By Milan Adams
February 13, 2024
Where is the best place to live in the US during and after the apocalypse?
While trying to figure out the answer, I've looked inside of prepping blogs to find a consensus for the criteria known to be essential for any place to survive in during the wake of such an event. That is, any event that can potentially destabilize society to the point of no return to normal any time soon. It will be important for you to have whatever supplies you need ready ahead of time before you travel to your destination. So start getting ready.
That being said, the criteria for the best area to survive in can be broken into three categories:
1. Human factors, 2. Natural factors, and 3. Economic factors
- Low population density (40 people per sq. mile or less)
- Distance to major/minor cities (50+ miles away)
- Distance to military bases (50+ miles away)
- Distance to nuclear power plants (100+ miles away)
- Distance to interstate highways
- Low poverty rate
- Low violent crime rate
- Easy access to fresh water
- Abundance of wild game
- Low natural disaster risk
- Dense forest cover
- Adequate soil textures
- Adequate rainfall
- Low drought risk
- Higher job growth
- High abundance of non-renewable natural resources available for extraction (coal, oil, natural gas, metals and minerals, lumber, etc.
- Higher educated citizens
Now that we know what to look for, I'll narrow down a map of the U.S. by one category at a time using other maps I have compiled. The "Orange" counties are those disqualified, which will then become and remain dark gray when the next factor is applied. For simplicity reasons, we'll focus on the continental U.S. But before starting I will say that the state of Hawaii is probably a fairly safe place to be considering its isolation, moderate climate, and the Polynesians have managed living there by themselves for millennia.
The first most important thing is population density or lack of it. This is common sense since you don't wanna be around massive numbers of unprepared people when SHTF. Ideally anywhere under 40 people per square mile is best. The blue shaded counties are where to go.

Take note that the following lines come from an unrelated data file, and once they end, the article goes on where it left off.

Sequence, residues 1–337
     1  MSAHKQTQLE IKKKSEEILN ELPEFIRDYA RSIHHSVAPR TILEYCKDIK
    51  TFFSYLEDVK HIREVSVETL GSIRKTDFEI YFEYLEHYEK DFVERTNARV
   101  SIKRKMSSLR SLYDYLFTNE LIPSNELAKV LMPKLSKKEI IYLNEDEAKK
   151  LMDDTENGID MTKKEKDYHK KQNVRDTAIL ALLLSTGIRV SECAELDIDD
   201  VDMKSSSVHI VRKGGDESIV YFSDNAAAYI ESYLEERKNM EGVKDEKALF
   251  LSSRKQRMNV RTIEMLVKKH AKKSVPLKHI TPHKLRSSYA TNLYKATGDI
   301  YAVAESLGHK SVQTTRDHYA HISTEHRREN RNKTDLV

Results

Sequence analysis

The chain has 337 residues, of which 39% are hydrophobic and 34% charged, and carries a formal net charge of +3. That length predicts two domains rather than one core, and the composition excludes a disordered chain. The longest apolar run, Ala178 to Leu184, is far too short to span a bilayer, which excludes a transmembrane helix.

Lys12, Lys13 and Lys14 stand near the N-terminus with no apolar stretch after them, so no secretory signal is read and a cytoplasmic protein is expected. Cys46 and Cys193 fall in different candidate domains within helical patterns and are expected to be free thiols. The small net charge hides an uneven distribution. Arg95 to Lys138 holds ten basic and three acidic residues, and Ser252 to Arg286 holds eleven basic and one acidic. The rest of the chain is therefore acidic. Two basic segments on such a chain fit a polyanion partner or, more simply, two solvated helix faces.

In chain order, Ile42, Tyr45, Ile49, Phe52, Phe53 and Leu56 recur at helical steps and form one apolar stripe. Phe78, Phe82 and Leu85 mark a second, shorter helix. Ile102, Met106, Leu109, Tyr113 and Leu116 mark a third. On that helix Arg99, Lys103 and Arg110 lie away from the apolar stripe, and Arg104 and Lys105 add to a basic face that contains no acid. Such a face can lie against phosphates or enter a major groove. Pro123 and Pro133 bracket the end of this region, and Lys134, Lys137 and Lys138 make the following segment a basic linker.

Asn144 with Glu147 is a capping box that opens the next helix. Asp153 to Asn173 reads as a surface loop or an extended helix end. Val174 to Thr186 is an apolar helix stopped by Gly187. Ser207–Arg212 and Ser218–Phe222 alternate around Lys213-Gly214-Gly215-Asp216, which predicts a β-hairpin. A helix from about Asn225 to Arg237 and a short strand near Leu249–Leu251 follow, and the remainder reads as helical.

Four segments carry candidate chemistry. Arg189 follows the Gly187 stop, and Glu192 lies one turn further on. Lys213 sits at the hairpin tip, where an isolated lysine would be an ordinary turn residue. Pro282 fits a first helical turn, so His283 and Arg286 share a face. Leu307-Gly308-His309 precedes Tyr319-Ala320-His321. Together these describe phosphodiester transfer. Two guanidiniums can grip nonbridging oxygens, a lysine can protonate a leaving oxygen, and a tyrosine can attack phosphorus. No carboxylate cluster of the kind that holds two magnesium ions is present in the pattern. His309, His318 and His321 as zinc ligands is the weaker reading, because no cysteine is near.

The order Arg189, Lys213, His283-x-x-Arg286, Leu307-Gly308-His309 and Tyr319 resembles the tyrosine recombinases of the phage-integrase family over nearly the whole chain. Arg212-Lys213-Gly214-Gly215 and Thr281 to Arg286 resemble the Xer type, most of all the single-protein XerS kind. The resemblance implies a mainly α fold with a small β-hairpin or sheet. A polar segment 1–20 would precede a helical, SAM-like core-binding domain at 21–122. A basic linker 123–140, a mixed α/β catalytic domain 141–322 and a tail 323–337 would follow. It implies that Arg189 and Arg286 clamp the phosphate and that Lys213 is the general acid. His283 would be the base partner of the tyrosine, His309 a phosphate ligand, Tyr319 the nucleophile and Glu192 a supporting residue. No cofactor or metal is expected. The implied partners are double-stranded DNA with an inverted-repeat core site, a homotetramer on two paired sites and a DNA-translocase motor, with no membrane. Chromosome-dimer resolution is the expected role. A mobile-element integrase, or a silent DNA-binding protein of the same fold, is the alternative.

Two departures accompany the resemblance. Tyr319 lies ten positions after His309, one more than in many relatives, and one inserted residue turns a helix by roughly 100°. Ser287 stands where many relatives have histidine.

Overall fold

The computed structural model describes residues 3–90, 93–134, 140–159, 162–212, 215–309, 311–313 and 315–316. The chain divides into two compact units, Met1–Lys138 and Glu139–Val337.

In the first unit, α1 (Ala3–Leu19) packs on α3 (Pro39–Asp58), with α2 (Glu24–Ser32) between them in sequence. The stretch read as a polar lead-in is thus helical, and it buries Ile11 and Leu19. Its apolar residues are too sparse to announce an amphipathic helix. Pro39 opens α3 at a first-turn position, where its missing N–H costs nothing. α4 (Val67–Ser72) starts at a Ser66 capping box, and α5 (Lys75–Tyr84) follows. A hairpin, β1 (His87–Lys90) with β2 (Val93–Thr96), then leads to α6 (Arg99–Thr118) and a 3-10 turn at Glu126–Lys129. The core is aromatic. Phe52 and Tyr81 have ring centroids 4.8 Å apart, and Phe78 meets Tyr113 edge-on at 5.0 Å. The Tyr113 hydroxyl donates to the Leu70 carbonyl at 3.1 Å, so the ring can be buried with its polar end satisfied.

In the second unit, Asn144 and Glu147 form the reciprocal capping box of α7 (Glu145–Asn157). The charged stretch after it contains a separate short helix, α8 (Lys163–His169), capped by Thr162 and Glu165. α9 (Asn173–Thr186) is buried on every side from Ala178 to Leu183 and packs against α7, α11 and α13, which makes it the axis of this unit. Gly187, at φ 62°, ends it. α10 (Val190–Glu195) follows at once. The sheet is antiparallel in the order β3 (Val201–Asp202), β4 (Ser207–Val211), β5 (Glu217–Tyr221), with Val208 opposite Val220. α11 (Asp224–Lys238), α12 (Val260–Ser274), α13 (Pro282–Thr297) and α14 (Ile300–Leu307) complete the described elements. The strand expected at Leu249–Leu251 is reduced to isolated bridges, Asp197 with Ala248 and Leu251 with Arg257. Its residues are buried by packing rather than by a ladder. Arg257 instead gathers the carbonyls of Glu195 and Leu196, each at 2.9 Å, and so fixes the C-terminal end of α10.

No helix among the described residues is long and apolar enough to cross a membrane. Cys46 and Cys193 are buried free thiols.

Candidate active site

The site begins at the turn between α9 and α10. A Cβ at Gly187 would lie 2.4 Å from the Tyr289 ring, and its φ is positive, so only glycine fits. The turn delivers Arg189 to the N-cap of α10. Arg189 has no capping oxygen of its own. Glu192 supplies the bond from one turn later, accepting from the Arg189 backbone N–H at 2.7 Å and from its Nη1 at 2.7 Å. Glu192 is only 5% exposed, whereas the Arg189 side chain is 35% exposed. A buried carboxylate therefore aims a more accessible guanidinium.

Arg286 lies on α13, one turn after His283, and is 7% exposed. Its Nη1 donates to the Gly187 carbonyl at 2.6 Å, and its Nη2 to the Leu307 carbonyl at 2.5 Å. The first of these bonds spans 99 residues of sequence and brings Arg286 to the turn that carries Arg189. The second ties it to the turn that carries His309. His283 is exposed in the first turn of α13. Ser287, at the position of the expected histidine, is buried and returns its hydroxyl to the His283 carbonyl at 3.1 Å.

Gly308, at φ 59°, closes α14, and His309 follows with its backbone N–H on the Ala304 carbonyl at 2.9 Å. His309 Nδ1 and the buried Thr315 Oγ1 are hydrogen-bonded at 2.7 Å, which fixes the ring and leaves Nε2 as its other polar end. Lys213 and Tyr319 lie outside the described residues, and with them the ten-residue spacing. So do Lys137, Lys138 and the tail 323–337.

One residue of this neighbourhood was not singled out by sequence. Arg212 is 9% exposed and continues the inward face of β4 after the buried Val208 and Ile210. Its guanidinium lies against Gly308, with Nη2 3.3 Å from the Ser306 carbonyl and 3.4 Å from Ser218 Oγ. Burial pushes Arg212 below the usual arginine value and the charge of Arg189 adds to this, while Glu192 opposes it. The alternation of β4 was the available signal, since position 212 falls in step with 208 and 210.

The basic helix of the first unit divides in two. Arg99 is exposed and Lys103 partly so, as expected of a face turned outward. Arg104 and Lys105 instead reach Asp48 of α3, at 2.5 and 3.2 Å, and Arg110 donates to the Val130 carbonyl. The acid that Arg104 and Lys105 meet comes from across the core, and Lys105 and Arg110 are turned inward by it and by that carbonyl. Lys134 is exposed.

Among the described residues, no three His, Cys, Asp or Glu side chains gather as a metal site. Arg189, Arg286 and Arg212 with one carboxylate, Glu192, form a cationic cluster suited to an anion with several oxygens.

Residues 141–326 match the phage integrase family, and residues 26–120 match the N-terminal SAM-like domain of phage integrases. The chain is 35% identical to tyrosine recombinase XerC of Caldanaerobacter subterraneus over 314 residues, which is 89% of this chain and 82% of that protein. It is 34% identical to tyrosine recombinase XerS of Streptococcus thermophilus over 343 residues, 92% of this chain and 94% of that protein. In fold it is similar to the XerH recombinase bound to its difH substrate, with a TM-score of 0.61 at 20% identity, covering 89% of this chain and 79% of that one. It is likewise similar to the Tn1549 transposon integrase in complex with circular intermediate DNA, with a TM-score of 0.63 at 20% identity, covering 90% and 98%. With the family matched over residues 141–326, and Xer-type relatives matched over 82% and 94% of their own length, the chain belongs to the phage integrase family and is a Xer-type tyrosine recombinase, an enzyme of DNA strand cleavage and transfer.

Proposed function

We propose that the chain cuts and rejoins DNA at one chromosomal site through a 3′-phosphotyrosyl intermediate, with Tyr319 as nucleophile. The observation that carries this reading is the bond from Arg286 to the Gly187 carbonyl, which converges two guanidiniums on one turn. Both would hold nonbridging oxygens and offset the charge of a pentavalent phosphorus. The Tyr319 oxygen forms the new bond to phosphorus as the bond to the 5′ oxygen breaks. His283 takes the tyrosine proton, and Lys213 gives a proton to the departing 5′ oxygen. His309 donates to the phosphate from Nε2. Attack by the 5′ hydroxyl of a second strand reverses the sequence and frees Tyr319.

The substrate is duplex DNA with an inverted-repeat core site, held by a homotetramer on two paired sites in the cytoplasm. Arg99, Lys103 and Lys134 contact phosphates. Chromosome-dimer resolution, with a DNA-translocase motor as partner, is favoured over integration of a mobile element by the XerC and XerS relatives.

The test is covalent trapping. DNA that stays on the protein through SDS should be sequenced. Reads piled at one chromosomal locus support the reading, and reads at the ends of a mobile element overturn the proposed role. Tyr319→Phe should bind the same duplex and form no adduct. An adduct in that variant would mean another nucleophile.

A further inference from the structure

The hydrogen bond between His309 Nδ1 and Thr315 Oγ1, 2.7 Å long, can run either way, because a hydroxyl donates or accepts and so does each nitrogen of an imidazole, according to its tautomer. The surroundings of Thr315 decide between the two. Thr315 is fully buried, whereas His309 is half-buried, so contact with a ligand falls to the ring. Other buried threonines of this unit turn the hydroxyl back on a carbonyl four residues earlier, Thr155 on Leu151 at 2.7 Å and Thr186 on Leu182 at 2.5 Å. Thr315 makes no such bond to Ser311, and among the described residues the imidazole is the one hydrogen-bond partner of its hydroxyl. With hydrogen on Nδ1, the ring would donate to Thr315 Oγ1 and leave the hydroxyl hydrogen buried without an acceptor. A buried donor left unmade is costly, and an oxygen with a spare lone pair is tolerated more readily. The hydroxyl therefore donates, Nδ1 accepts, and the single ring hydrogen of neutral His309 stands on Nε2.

Next is proximity to major and minor cities. A distance of at least 50 miles away is best.
Stay out of counties that contain Interstate highways as the most desperate people will use them traveling in search of resources.
We are now isolated from any major threats from large populations and groups of people. But, there is still the possibility of martial law being put into effect. So it's best to keep our distance from military bases.
And nuclear reactors, in case of meltdowns occuring during grid failures.
The last places to "watch out" from are areas with already high poverty and crime rates. When they no longer can depend on Uncle Sam for their existence, it will get ugly. Avoiding these areas may potentially eliminate our options in the Southern states but I would like to keep them open for now for climate reasons. We'll use a 25% poverty rate limit for the south and 20% everywhere else. (The south includes WV, southern MO, and eastern half of OK and TX)
I won't make any exception for violent crime rates. Those will be applied evenly across the board. Lighter counties are safer.
We are now looking at a map of what are probably the "safest" counties in the United States. But now that the potential for human threat is minimized, we must figure out where is the best place to settle down based on what resources there will be available. The most important thing is easy access to fresh water always within close proximity.
Next in my opinion is wild game abundance, which you need for food during winters and harsh growing seasons, and for protein in general.
You wanna be safe from natural disasters such as tornadoes and hurricanes. Given recent events I think it's safe to eliminate the lone county remaining in Florida.